A study in California by CALPIRG Education Fund found similar results.2 The California law enforcement officers surveyed claimed to have seen a drastic rise in identity theft cases in their jurisdiction. California officers, like the respondents in the Michigan study, believed that most identity theft crimes are never solved. They also felt that new policies and procedures are needed to combat identity theft crimes. They recommended stricter guidelines by financial institutions to help prevent identity theft; better cooperation by financial institutions in police investigations; clarification and standardization of jurisdictional issues; and interagency databases to facilitate multijurisdictional cooperation.

What Is Identity Theft?
In its simplest definition, identity theft is the wrongful use of another person's identifying information, such as credit card, social security, or driver's license numbers, to commit financial or other crimes. Identity theft is generally a means for committing other offenses such as fraudulently obtaining financial credit or loans, among other crimes.3 The Federal Trade Commission (FTC) defines identity theft as "a fraud which is committed or attempted using a person's identifying information without lawful authority."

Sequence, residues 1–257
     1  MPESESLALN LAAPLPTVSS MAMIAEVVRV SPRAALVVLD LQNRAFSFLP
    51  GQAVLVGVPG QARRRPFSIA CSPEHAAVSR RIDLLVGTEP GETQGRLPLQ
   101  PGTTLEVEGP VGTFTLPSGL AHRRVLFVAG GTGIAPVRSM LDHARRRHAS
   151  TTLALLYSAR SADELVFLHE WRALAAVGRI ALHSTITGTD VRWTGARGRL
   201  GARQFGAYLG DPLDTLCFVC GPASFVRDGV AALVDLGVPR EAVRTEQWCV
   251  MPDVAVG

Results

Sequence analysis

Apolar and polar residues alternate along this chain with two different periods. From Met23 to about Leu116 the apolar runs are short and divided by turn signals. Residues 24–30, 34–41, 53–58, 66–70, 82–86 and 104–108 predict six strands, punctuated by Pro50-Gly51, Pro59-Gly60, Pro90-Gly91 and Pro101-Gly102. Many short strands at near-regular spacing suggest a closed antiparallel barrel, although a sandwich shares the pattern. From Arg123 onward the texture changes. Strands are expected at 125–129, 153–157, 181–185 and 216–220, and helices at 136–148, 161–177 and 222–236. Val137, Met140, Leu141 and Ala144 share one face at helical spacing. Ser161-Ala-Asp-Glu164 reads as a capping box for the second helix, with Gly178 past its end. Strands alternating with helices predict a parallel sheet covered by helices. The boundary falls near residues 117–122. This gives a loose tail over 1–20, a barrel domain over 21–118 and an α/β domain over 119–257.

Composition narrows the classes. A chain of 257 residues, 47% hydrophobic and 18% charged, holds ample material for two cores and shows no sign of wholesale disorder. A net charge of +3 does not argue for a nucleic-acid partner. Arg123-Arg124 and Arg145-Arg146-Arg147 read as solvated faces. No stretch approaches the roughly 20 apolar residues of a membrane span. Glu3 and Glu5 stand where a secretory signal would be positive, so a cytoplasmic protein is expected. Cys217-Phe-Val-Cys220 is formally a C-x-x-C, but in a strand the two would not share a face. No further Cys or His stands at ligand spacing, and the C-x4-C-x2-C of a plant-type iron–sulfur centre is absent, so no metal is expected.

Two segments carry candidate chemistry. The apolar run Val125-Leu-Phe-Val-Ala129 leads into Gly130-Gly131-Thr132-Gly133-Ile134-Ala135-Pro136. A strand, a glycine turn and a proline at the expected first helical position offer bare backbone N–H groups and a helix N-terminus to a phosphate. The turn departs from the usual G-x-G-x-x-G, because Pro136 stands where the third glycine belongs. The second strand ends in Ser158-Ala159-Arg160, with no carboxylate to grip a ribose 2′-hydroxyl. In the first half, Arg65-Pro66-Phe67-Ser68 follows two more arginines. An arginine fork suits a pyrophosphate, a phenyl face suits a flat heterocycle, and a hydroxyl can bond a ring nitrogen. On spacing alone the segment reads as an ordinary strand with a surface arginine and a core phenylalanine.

But many private companies disagree with such broad definitions and would prefer limiting the definition by removing attempted fraud from the FTC definition. According to the Financial Services Roundtable's response letter to the FTC dated, June 15 2004, "including attempted fraud in the definition, instances that are traditionally considered common fraud . . . such as a stolen credit card . . . would now be considered identity theft."4 Their concerns are that the FTC definition would trigger certain duties for the financial institutions, thereby allocating additional resources and system changes to respond to new identity theft complaints by consumers. This is purely a financial concern that would not merit any reason to change how law enforcement agencies report and investigate identity theft crimes.